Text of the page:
Death Stranding is out soon! That may seem strange given that Death Stranding also came out about nine months ago. PC ports happen all the time, but this one feels significant for a lot of messy reasons — only some of which actually have to do with this incredibly weird video game.
First of all, I’m back under embargo. There are things I very much cannot talk about with regards to this video game that, again… already came out nine months ago. I may be new to this industry, but that struck me as incredibly strange right off the bat. I don’t know if this is the result of Deep Brain Poisoning that makes us all act like spoilers actually matter, or if this game has been fundamentally changed in some way between the PS4 and PC releases (I’m guessing its the first).
Second, I really needed this game right now. I do not think I’m alone. I missed out on the discourse around this particular Kojima Productions game because I was in the midst of a 24 credit per hour semester at college. That’s why I’ve been shocked to learn it’s exactly the sort of experience I wanted in my life right now. Death Stranding is messy and ambitious and, I think, full of heart. It’s a game about “America” as an ideal and an entity. And that — what feels like both a thousand years and just 10 minutes after Death Stranding originally launched — is a complicated thing.
With the current state of the world I am desperate to traverse space and bask in quiet. I’m not really driving right now; there are no transitional spaces to sink into. Taking a box of, I don’t know, old books up the side of a mountain plotting the route and making minor adjustments as I go is both a salve for my brain and a reminder of why I love motion. Aside from some occasional hitching, especially in menus and preceding cutscenes, the game flows perfectly on PC. It smoothly leads me from space between to space between. While America is known for its more transitional spaces (motels and highways are some of the most foundational elements of titular “Americana”) it isn’t really defined by them the way Death Stranding is.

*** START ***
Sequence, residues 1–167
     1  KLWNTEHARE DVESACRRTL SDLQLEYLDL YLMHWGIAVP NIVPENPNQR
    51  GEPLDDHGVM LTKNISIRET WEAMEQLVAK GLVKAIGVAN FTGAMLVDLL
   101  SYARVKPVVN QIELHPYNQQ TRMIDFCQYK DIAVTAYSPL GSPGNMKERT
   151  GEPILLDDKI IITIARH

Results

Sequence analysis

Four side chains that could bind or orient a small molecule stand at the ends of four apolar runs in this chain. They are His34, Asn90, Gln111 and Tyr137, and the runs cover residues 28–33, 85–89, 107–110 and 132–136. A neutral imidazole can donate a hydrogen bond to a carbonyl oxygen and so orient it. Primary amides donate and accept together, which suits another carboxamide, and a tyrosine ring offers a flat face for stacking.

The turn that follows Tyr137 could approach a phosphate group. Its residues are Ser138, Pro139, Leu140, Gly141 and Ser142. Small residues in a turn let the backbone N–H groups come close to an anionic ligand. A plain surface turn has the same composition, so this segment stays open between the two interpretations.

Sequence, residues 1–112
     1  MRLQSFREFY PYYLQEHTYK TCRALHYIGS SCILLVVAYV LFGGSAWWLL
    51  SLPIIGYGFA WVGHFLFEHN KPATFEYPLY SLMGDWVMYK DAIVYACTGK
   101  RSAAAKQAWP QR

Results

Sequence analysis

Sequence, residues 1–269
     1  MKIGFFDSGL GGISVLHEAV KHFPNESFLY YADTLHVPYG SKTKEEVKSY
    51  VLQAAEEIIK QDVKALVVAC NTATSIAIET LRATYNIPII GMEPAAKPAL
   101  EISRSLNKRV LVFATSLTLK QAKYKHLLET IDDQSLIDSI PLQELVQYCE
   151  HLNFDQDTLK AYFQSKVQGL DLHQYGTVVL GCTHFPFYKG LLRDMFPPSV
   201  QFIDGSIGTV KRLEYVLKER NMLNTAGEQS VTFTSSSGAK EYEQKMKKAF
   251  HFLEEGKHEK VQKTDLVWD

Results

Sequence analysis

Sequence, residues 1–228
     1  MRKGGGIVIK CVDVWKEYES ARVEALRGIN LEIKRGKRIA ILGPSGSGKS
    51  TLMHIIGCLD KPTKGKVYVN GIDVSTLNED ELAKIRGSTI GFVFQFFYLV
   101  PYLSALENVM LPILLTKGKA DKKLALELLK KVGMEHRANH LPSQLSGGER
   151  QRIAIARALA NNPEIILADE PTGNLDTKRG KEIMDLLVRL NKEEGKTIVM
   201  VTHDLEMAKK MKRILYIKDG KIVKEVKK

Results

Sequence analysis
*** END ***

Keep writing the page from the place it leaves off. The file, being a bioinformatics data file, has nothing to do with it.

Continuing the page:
Death Stranding does not look like America. It does not feel like America. That’s part of why I’m in love with it. The game professes to be about rebuilding the so-called United Cities of America a post-apocalyptic vision of a redeemed country. We, as Sam Porter Bridges, are told time and again that without connection, without America, humanity will go extinct. Hearing this in 2020 feels bad. Just nine months after the game’s initial release this message doesn’t just ring hollow as it might have last year; it’s discordant. I do not want to rehabilitate America. I want to see it run into the ground and dream of something better.
While I disagree with the game’s image of America as a place defined by connection, I’m constantly excited about the way connection as a whole manifests in the gameplay. The extant power structures within the U.S. actively chose to fail us. The massive mutual aid network Death Stranding presents is much more exciting to me. For as much as connection as a theme in the game can feel heavy-handed and messy, connection as political praxis is alive, good, and fully realized.
The narrative of building the Chiral Network (the internet, but with 3D printing) is one thing. But your ability to asynchronously help your fellow players by providing supplies, infrastructure, and completing their failed deliveries resonates deeply. I do not believe in America. I do believe in our ability to materially affect the lives of those around us. That’s what makes Death Stranding actually work — not as an ode to the United States, but as an unwitting alternative to it.
While its vision has aged incredibly poorly in a laughably short time, the game’s heart and practice of care have not. Which is why I think this is still a game worth playing, perhaps now even more than when it released originally.